Sapsikwala teacher education program celebrates 100 alumni

In United States public schools, only 6 percent of public schools have even one Native American teacher on their staff. Founded in 2002, the Sapsikwala Teacher Education program at UO is working to change that.

In collaboration with the UOTeach master’s degree program and the nine federally recognized sovereign Indian nations of Oregon, the Sapsikwala program provides a pathway for Native American students to actively engage with their culture as they earn their teaching license.

The program was founded on the idea that education strengthens Native communities. With the graduation of the 2021 cohort this spring, the Sapsikwala program will celebrate 104 alumni, 104 advocates for Native American education.

Alumni include Nicole Butler-Hooton, a 2004 graduate of Sapsikwala, member of the Apache and Siletz tribes, and Oregon’s 2021 Teacher of the Year. Butler-Hooton credits the Sapsikwala program for teaching her how to create a safe and inclusive classroom for all of her students.

“I know that having those roots in the Sapsikwala program and having curriculum based around our culture and our heritage made me feel safe, and it created a space for me. And that's what I hope to do with my students,” Butler-Hooton said.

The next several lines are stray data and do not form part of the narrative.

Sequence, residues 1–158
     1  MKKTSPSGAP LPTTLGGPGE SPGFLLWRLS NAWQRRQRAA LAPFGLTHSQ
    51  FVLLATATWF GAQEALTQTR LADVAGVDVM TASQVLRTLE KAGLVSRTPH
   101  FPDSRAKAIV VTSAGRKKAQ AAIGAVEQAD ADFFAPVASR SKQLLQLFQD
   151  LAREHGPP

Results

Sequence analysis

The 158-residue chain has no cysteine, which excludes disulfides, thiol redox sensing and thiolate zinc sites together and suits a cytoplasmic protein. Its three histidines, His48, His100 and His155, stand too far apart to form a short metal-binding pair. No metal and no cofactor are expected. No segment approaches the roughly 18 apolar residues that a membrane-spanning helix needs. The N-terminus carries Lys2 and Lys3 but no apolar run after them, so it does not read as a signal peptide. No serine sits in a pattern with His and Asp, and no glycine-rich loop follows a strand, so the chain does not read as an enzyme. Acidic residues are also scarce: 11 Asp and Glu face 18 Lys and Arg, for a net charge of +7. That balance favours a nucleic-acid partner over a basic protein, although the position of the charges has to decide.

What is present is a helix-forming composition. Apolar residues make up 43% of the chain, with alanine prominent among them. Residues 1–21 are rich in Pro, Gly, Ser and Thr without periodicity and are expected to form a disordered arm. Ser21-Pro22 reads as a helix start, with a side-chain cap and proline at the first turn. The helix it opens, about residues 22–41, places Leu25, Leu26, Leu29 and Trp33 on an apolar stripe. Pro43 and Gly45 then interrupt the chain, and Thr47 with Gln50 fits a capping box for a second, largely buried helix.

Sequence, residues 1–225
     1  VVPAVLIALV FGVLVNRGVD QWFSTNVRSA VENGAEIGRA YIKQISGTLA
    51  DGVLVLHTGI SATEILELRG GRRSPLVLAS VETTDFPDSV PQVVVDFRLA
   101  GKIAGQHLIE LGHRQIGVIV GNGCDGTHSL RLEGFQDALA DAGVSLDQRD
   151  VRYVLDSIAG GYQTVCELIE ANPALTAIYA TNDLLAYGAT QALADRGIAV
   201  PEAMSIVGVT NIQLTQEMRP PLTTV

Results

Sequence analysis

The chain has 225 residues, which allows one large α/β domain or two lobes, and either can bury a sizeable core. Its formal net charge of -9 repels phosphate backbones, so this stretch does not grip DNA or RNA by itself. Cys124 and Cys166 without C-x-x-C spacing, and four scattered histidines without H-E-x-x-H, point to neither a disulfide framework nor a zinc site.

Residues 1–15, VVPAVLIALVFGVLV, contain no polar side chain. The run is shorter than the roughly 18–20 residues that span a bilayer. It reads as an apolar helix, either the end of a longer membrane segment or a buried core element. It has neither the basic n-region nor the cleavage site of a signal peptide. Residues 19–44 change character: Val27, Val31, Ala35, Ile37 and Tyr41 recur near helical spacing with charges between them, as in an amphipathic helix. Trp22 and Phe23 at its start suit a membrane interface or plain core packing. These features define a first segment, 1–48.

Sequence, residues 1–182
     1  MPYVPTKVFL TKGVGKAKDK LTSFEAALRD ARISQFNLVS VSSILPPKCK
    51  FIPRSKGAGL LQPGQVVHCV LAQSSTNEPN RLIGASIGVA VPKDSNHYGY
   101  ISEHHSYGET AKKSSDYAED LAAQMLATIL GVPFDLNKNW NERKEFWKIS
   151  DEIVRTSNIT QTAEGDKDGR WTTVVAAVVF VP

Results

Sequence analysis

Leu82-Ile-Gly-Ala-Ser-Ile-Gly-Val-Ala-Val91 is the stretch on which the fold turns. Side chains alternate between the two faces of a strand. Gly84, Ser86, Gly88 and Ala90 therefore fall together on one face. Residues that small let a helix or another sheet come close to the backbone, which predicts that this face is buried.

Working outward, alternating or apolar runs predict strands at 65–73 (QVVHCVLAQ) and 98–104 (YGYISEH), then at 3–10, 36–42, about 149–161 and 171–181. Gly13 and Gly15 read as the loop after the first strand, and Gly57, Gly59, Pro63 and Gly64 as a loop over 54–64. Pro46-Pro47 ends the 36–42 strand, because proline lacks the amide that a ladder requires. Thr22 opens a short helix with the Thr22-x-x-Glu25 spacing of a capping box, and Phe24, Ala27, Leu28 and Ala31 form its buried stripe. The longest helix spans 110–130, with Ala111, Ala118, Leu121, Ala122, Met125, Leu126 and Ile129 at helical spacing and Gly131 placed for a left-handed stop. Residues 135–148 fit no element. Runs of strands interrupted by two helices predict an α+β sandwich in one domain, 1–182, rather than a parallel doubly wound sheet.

Marty Pérez, a member of the Modoc tribe, graduated from the Sapsikwala program in 2008. He taught Spanish in Portland and Alaska for more than 10 years before pursuing a career in school administration.

“I wanted to think on the macro level of how to progress in this career in order to create macro-systemic changes,” said Pérez said, who now serves as assistant principal at Sam Case Elementary in Newport.

The graduating cohort of 2021 consists of eight students representing eight different tribes.

Jazmine Ike-Lopez is an enrolled member of the Confederated Tribes of Warm Springs and is seeking her Master of Education with her Sapsikwala cohort. After she graduates, she plans to pursue a doctorate in cultural and social thought in education and develop culturally based curriculums for her tribe.

“Learning with a Native American cohort allows me to be connected with individuals who understand my background in a way that is not always so easy for people who don't have relationships with Native communities,” Ike-Lopez said. “It also provides a space where we can connect with other Native leaders who are also working hard to make a positive change in their communities and are happy to help support each other in our journeys.”

Stephanie Wright is another member of the Sapsikwala cohort and a member of the Klamath tribes of Southern Oregon.

“Coming together as a group has made me feel included, and that gives me confidence in myself as a student, as a Tribal member and as a future teacher,” Wright said.  

To celebrate more than 100 Native educators, the first-ever Sapsikwala Alumni Summit will be hosted by program leaders this January. Stephanie Tabibian, Sapsikwala program coordinator and Shoshone-Paiute tribe member, said, “We hope to create more opportunities for alumni to engage with one another for mentorship and resource sharing.”

By Meghan Mortensen, University Communications